I care about people. In the end, I think they feel it. It comes across, regardless of the character I'm portraying.

— Forest Whitaker

The most instructive Forest Whitaker quotes that are life-changing and eye-opening

The true wealth of a community is measured by how carefully it listens to its women and how sincerely it values their wisdom. Empowering women empowers us all.

22

In a lot of films, they're showing more complete, developed characters of diverse ethnic backgrounds. The larger concern is to be able to tastefully explore the stereotypes, and still move past them to see the core of people.

13

There's a thing you confront when you're going into something new and you come to this sort of abyss, and then you push yourself. It makes you try different things.

12

Since Idi Amin was from the Sudanese section in the north of Uganda, he was darker skinned. He had more of a blue undertone. So, we did change the coloring of my skin to be closer to his. But otherwise, there were no transformations besides acting.

11

I stay true, because whatever the project is, I'm still looking for inside of that character.

11

I went through two schools of acting but I learned more about acting from meditating and from my marshall arts teacher.

10

I can play a man who's despicable. But I'll still look inside him to find a point of connection. If I can find that kernel, audiences will relate to me.

10

I try to serve the character all the time;

this one took a lot of work and was consuming. It's like climbing up a ladder and sometimes you're afraid to face yourself so you make excuses; you avoid going to the top of the ladder and look in the mirror.

9

I found the people to be very kind and generous.

It was unique because the crew was mainly Ugandan [filming The Last King of Scotland]. They had never done a film before. So, they were learning the process of making films, but at the same time they were also helping with the authenticity of the film.

9

I like to play complex characters and the duality, and trying to reach for the light, it's more interesting really. I've gotten to play so many types of guys and I just try to find the humanity in each one of them the best I can.

8

And God, God who believes in us all. And who's given me this moment, in this lifetime, that I will hopefully carry to the end of my lifetime into the next lifetime.

8

I was pretty much consumed by this character.

Even when I was off, I was continually searching to find something else new about [Idi] Amin, and to embed myself deeper into the culture to the point that, in the end, I was so entrenched that I could tell what tribe someone was from just by looking at them.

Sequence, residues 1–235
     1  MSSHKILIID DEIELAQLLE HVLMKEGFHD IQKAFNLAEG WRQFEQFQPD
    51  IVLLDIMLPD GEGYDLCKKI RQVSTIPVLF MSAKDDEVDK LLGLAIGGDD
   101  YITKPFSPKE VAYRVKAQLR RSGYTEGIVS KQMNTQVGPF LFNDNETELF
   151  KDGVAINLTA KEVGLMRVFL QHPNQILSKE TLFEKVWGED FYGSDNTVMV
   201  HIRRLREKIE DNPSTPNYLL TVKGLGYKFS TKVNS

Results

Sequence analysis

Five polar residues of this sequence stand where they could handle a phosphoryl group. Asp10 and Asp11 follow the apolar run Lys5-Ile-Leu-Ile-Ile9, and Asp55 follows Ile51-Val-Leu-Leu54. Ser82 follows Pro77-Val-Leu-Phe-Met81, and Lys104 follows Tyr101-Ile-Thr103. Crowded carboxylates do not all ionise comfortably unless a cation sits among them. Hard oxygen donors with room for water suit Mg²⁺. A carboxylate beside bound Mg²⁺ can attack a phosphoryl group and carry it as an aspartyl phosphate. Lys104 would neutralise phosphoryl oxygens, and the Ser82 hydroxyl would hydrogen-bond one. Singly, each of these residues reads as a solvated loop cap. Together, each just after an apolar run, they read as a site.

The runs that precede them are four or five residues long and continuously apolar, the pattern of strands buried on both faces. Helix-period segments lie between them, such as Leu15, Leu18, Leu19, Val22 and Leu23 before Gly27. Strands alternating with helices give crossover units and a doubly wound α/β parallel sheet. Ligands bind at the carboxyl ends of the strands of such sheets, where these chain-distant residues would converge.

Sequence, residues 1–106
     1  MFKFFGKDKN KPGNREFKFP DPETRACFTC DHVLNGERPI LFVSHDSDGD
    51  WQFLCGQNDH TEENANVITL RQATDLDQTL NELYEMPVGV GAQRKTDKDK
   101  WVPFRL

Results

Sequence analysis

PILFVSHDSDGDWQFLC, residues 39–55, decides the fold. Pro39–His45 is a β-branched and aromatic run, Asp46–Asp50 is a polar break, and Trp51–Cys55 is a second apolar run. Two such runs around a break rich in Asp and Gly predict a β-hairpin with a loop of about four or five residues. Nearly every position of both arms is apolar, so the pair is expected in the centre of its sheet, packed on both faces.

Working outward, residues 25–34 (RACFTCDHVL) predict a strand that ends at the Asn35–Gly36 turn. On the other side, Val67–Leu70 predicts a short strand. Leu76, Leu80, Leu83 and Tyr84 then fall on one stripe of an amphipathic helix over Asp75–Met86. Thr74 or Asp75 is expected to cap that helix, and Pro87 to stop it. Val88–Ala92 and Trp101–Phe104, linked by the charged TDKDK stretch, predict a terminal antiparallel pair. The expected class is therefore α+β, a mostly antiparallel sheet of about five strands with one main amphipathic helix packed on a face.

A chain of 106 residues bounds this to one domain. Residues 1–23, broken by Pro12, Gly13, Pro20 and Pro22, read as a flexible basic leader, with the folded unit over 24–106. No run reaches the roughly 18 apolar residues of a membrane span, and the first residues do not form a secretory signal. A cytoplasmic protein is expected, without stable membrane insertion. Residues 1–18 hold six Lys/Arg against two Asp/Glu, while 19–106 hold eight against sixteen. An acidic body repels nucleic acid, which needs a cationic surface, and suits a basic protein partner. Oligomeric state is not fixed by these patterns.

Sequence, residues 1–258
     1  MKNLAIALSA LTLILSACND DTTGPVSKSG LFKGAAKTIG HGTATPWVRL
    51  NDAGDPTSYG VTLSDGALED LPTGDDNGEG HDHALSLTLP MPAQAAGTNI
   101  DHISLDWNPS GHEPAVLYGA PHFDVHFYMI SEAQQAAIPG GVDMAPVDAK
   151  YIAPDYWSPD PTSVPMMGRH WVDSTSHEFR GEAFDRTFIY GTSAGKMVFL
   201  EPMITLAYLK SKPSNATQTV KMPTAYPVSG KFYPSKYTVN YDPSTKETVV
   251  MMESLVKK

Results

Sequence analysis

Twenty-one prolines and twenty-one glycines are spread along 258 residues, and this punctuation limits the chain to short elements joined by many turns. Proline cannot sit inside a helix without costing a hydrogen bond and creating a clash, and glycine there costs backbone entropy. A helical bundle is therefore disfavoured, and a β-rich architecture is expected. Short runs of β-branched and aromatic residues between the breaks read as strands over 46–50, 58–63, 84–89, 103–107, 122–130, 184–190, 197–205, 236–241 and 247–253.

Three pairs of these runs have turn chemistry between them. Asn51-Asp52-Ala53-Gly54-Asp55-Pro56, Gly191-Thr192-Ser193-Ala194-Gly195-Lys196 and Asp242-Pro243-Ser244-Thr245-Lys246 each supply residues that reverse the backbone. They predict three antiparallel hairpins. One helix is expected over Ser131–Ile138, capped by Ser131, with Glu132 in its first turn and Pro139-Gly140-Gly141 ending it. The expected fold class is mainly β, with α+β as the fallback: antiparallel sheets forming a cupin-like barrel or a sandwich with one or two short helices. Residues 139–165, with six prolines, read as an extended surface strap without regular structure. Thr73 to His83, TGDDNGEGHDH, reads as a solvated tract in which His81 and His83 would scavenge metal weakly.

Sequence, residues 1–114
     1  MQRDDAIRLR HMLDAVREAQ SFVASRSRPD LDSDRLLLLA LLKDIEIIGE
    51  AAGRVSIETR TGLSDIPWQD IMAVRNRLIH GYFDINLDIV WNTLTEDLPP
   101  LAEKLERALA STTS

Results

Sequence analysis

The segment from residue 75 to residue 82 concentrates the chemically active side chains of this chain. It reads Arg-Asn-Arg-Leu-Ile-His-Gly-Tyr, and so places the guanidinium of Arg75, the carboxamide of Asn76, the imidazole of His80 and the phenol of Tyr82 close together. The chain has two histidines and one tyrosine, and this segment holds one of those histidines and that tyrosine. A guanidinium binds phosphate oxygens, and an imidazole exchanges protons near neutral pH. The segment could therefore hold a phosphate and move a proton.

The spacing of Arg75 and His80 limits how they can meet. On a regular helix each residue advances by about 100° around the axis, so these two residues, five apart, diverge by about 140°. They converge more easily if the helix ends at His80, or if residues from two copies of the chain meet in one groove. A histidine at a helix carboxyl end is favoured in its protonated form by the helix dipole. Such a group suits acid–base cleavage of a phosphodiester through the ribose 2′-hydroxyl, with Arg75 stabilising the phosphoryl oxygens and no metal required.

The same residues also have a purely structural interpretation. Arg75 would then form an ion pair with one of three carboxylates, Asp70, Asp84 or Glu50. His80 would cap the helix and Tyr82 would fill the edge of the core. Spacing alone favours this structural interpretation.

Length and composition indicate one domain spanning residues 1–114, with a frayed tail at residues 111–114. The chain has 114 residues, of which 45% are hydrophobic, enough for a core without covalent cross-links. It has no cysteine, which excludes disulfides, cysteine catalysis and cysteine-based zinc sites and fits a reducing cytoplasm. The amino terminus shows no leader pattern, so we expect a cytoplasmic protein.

8

About Forest Whitaker

Quotes 49 sayings
Nationality American
Profession Actor
Birthday October 16

I do look at that thematic of healing of humanity.

6

My parents moved to Los Angeles when I was really young, but I spent every summer with my grandparents, and I'd stay with my grandfather on the farm in Longview. He was retired from the railroad, and he had a small farm with some cows and some pigs. I remember part of my youth was feeding hogs and plowing fields and stuff, so that's a part of me.

4

When I was a kid, the only way I saw movies was from the back seat of my family's car at the drive-in.

3

I never acted in anything I've directed but I have produced a number of films and I have acted in some of the movies I've produced. Usually with first time filmmakers and pushing a move forward I have played a small role but never the lead.

3

I'm really excited that people are receiving my performance like this.

It makes me feel good, because I've been working really hard. And this character [Idi Amin], I worked particularly hard on. But I don't want to get too caught up in it, because first of all, it could lead to a great disappointment. You never know what's going to happen.

0

It is important to make the best out of every generation.

0

There are places where life could exist.

And we've already discovered that there's been life on certain planets that we've explored. That may just be algae or whatever, but life on Earth began a certain way, too.

0

We have to not just open our eyes to what's going on in other places;

we need to open our eyes to what's going on right in front of us.

0

It is possible for a kid from east Texas, raised in south central LA and Carson, who believes in his dreams, commits himself to them with his heart, to touch them and to have them happen.

0

I hope that audiences respond really positively.

I think it's a very intense, entertaining film [The Last King of Scotland], because you're brought in on a fun ride, and slowly you fall into it as James [actor James McAvoy's character, Dr. Nicholas Garrigan] does. Nicholas is like the audience. I think it's a good ride for people. And you learn something, as well.

0

I was trying to capture this man's [Idi Amin] energy, and I did a lot of research in studying him. I tried to capture his 'Warrior King' energy inside of me as much as possible.

0

I think the place fed me completely. Not only was I in Uganda, but I was around many people who had a personal relationship with Idi Amin. I was eating the food constantly. I was culturally hanging out with the people. You can't help but absorb the energy, and try to get inside the culture.